Closed social club in Northampton could become shelter for rough sleepers

A former social club is set to become an emergency night shelter for Northampton's rough sleepers.

Wednesday, 21st September 2016, 6:00 am
Updated Wednesday, 5th October 2016, 2:45 pm
The social club, which is at the edge of the Northampton Rail Station site, has been empty for three years.

The proposal would change the British Rail Sports and Social Club, in St Andrew's Road, to a facility where homeless people can sleep and be directed to permanent housing or health programmes.

Planning director Steven Boyes said: "This proposed facility is aimed at male rough sleepers and is to provide emergency overnight accommodation.

"Visitors to the shelter will be offered a floor space, washroom facilities and light refreshments in the morning, such as tea or coffee, and toast.

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"It is envisaged that the facility will operate for up to two years, by which time a more permanent solution can be found. Or those who have been rough sleeping will be included on programmes that provide accommodation and welfare facilities."

As of June, there were officially 25 people sleeping rough in Northampton, and the borough council aims to reduce it to zero by June next year.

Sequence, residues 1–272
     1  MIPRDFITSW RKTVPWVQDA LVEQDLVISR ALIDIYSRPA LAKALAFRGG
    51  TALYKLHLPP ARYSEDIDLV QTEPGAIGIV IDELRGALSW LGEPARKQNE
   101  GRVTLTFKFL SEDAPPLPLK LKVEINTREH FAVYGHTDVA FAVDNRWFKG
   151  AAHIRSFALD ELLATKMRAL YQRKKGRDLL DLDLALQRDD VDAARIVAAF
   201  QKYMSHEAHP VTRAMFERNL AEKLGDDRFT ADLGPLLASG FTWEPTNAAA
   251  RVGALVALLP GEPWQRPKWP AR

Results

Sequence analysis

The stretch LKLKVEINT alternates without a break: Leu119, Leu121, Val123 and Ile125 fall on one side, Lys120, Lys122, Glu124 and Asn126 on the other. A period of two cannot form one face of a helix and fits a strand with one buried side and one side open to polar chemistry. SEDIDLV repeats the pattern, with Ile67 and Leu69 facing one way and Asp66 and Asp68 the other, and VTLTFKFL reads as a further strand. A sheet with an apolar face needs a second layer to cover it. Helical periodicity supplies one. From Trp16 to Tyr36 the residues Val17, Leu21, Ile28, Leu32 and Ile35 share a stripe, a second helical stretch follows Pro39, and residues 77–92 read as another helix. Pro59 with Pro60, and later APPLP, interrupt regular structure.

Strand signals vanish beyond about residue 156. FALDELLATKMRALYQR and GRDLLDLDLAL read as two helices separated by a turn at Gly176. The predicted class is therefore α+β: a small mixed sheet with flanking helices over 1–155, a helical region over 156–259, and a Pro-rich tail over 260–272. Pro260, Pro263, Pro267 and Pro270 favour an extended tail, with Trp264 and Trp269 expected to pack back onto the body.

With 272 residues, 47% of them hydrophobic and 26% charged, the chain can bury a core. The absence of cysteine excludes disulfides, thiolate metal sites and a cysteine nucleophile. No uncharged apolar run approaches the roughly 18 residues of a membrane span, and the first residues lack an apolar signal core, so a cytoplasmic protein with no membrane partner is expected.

Planners identified the former club, which is now owned by the council, as a medium-term solution partly because rough sleepers gather nearby already.

A smoking shelter at the back has apparently been used by homeless people before, although the building has remained secure.

If approved later next week, the night shelter will be manned by two full-time members of staff and a team of volunteers from existing religious and charity groups, overseen by a board.

Opening hours will be from 9pm to 9am, with people only admitted - after being screened for drink and drugs - for the first hour-and-a-half.

However, people living across the road in Western View, Black Lion Hill, have objected.

Three letters raise concerns such as "homeless people congregating [while they are] waiting for the shelter to open (potential for street drinking)" and "what happens to the people turned away from the shelter (perhaps in a drunken state)”.

Other objections were that the shelter "is located close to a primary school and nurseries" and "is close to a community with significant deprivation issues".

Planners say they believe the single storey building was built in the 1950s and extended in order to house beer barrels.

It has been closed for about three years.